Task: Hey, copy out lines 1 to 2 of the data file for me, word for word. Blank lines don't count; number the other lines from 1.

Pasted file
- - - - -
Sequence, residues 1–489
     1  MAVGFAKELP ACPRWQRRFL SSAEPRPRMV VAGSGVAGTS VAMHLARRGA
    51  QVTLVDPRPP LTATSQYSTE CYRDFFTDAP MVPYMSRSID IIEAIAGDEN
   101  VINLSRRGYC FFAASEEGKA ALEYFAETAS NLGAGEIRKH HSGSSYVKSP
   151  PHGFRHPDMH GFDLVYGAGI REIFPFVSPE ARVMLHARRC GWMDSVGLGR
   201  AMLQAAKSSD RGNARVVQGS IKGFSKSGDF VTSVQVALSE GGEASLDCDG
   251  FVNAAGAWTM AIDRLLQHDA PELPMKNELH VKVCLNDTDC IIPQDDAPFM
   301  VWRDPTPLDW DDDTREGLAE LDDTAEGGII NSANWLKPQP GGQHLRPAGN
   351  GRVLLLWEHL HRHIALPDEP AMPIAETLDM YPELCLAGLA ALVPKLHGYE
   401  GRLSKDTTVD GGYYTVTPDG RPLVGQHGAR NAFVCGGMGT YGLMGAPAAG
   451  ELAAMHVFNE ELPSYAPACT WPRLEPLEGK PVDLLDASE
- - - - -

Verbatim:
Sequence, residues 1–489
     1  MAVGFAKELP ACPRWQRRFL SSAEPRPRMV VAGSGVAGTS VAMHLARRGA